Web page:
Pakistan

Pakistan’s COVID-19 testing capacity stands at 20,000 a day, FM Qureshi informs NA session

National Assembly. Photo: File 

ISLAMABAD: Foreign Minister Shah Mehmood Qureshi on Monday informed a National Assembly session that the country’s COVID-19 testing capacity stands at 20,000.

A session of the National Assembly, summoned last week by President Dr Arif Alvi, is underway to debate Pakistan’s current coronavirus situation.

FM Qureshi informed the National Assembly that all political parties had earlier mutually decided to make decisions regarding the coronavirus lockdown in the National Coordination Committee’s (NCC) sessions.

Noting that the COVID-19 pandemic was an “unprecedented challenge” that has become one of the biggest catalysts after the World War II, Qureshi said health experts around the world were trying their level best to come up with strategies to curb the virus till a vaccine could be made.

“Irrespective of Pakistan’s response towards the virus, no country around the world was seen fully prepared to battle out the virus,” the federal minister said. “The world is learning with time.”

Presenting the global figures from the US, UK, and European countries, including Italy, he said Pakistan — being a developing country — showed a constructive response, with growing testing capacity, which now stood at 20,000 tests a day.

“Since the virus emerged, Pakistan had eight operational labs but now we have about 70 functional labs for the coronavirus. With improved testing capacity, we will get a clearer picture of the pandemic in the country,” he added.

Qureshi mentioned that to date, Pakistan had the highest testing capacity among all of the South Asian countries.

NA session summoned

Earlier, a Twitter post from the National Assembly of Pakistan had stated: “The President of the Islamic Republic of Pakistan has summoned the session of the National Assembly on Monday, May 11th, 2020 at 3:00 p.m. in the Parliament House.”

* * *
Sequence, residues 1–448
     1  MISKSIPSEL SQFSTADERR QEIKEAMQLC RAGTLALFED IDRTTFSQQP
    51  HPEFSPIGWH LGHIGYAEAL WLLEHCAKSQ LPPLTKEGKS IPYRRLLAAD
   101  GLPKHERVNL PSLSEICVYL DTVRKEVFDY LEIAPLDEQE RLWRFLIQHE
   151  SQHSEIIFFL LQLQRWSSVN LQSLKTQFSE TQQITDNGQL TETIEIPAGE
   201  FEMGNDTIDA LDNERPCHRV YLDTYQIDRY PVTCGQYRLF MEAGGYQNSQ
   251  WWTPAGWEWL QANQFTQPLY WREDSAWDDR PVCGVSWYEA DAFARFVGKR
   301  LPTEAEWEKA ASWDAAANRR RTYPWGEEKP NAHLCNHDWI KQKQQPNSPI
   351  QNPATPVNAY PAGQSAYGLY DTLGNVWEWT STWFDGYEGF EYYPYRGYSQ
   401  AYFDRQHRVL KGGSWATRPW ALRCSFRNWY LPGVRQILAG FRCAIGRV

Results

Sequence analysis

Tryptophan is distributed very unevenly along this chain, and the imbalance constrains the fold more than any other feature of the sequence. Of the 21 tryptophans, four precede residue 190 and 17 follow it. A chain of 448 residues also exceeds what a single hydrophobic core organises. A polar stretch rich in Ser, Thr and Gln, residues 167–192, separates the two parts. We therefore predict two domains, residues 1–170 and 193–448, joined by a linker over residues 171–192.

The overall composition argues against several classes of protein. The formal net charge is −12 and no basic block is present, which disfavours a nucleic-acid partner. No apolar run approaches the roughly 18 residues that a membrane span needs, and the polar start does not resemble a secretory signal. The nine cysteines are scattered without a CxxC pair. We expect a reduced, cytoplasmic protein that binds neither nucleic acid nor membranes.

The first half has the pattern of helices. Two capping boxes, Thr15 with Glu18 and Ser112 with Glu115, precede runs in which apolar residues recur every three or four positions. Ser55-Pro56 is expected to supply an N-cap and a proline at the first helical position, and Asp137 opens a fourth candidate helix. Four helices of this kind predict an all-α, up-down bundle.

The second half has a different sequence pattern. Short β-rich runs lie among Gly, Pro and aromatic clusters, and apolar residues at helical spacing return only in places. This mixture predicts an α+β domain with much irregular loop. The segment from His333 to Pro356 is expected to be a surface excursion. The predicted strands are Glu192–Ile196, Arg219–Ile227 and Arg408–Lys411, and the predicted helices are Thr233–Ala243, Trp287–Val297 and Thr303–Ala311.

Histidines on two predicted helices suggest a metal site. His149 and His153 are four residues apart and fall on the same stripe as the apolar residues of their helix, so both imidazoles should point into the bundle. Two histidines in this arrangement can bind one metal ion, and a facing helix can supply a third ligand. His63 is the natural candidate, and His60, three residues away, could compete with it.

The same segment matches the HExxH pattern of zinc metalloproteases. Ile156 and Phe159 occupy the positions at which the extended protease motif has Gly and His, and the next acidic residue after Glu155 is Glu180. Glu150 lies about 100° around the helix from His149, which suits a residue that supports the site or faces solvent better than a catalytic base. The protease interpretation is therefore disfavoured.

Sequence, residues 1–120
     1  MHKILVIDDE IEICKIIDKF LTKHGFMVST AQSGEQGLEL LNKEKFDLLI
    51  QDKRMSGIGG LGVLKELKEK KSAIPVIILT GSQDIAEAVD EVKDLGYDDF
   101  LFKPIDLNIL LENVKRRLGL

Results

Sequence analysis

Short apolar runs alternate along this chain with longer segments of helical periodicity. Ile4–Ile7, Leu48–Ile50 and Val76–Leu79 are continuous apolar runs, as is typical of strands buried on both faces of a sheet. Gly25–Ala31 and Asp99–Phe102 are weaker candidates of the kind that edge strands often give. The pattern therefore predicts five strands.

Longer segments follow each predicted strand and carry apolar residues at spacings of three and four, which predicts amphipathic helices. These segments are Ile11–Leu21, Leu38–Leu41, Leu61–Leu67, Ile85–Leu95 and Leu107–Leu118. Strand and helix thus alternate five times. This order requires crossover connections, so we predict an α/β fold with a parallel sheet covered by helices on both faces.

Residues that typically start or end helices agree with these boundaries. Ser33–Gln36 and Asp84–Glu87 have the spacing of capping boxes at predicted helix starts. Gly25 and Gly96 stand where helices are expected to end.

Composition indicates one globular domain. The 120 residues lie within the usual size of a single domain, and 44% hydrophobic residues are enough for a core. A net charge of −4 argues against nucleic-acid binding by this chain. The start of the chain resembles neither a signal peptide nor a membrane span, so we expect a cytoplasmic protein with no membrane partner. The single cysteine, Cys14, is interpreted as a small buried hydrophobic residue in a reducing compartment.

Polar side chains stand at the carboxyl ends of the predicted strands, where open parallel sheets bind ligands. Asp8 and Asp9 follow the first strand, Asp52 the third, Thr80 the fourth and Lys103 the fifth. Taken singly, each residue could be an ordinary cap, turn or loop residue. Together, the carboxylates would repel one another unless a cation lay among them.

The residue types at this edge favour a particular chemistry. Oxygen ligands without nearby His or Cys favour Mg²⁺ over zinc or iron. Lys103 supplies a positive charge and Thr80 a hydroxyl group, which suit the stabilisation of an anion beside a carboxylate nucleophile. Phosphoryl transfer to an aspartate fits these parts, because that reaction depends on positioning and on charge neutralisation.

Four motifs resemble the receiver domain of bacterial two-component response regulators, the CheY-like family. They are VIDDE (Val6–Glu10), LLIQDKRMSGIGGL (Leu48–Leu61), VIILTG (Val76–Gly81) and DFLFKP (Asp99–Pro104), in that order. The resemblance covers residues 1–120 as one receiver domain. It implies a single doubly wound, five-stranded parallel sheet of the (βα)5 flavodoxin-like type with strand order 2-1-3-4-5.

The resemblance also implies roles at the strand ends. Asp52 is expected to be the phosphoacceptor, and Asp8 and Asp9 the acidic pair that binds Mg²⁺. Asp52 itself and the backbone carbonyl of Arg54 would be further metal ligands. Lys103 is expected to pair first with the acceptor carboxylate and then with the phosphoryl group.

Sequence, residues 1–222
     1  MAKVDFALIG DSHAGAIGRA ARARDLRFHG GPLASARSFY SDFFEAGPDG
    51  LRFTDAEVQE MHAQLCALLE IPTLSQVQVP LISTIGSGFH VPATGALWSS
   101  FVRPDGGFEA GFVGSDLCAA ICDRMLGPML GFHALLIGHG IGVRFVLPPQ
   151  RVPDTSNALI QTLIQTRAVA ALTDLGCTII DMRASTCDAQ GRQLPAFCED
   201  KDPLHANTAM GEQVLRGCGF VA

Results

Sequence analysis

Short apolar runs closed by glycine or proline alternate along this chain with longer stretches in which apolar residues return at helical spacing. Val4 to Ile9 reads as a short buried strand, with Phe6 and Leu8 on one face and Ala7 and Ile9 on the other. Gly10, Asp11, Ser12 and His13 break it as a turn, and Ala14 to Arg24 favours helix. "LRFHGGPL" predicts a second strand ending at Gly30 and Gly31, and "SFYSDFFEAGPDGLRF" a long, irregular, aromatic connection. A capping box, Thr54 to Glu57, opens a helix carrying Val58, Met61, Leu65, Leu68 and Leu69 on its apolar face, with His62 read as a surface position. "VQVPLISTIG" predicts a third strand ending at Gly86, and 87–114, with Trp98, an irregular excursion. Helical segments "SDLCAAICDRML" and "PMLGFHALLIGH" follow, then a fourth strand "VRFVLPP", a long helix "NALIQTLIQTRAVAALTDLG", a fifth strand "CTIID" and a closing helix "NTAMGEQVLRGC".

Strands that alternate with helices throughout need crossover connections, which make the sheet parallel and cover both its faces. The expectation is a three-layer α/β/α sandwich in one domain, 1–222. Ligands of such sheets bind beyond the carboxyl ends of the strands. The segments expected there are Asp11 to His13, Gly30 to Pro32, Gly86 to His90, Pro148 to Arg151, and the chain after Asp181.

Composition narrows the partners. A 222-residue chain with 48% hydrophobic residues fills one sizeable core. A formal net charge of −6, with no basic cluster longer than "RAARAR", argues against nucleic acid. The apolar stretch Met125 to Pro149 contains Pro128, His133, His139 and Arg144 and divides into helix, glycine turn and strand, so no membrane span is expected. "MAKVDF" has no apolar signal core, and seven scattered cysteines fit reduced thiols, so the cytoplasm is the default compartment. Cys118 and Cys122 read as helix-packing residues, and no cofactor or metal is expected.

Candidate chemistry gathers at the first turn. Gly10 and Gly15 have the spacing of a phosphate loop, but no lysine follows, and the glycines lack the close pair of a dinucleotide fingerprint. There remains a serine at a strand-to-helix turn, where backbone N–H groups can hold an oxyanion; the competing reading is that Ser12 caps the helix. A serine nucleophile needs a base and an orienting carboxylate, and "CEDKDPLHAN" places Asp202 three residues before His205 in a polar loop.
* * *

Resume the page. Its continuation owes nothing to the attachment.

The development took place hours after Prime Minister Imran Khan had announced that the government was moving towards easing the coronavirus lockdown across the country.

Speaking after a meeting of the National Coordination Committee (NCC), which is the apex coronavirus decision-making body comprising top civil and military leaders, including the provincial chief executives, PM Imran had said the country would be opened “in a phased manner”.

Virus ‘reached parliamentary galleries’

Separately Deputy Chairman Senate Saleem Mandviwalla on Sunday suggested that the sessions of both the Houses of Parliament should be postponed after two parliamentarians were found infected with coronavirus, reported The News.

The Senate will meet on Tuesday.

“The virus has reached the parliamentary galleries,” said Mandviwalla expressing concern over reports of parliamentarians and assembly staff contracting coronavirus.

“More lawmakers and staff are likely to be affected by the virus,” he said and warned that summoning the National Assembly and the Senate sessions at this time could have serious consequences, says media reports.

He said the proceedings [of both the houses of Parliament] should be delayed, and steps should be taken so that no one enters the premises untested. Syed Mehboob Shah and PTI MNA from Bajaur Gul Zafar Khan tested positive.

Chaudhry proposes virtual session

Earlier, Science and Technology Minister Fawad Chaudhry had proposed holding a virtual session of the parliament and slammed the opposition for refusing to support the initiative.

“The Parliament session is necessary but people’s health is also necessary,” Chaudhry had said.

“The speaker [of the National Assembly] has contracted the coronavirus,” he added, referring to PTI leader Asad Qaiser, who had tested positive for COVID-19 alongside his son and daughter on April 30.

The federal minister had said he earlier proposed a virtual meeting. “We don’t go to the Parliament to hug each other; one has to talk, make speeches,” he noted.

‘Creating a vacuum’

Chaudhry had cited the example of a conference organised by the United Nations Educational, Scientific and Cultural Organization (UNESCO) he had attended alongside his counterparts from 93 countries.

“We’re creating a vacuum by not involving parliamentarians in decisions of the Parliament,” he had said, stressing that that was not in Pakistan’s best interests.

The Parliament, he added, had a role in the political sphere, which was why it was necessary to call a virtual meeting. Qaiser, the speaker, had earlier announced setting up of special software for the Parliament.

The Opposition parties opposed a virtual meeting of the Parliament and, in turn, resisted the use of technology, he had observed.

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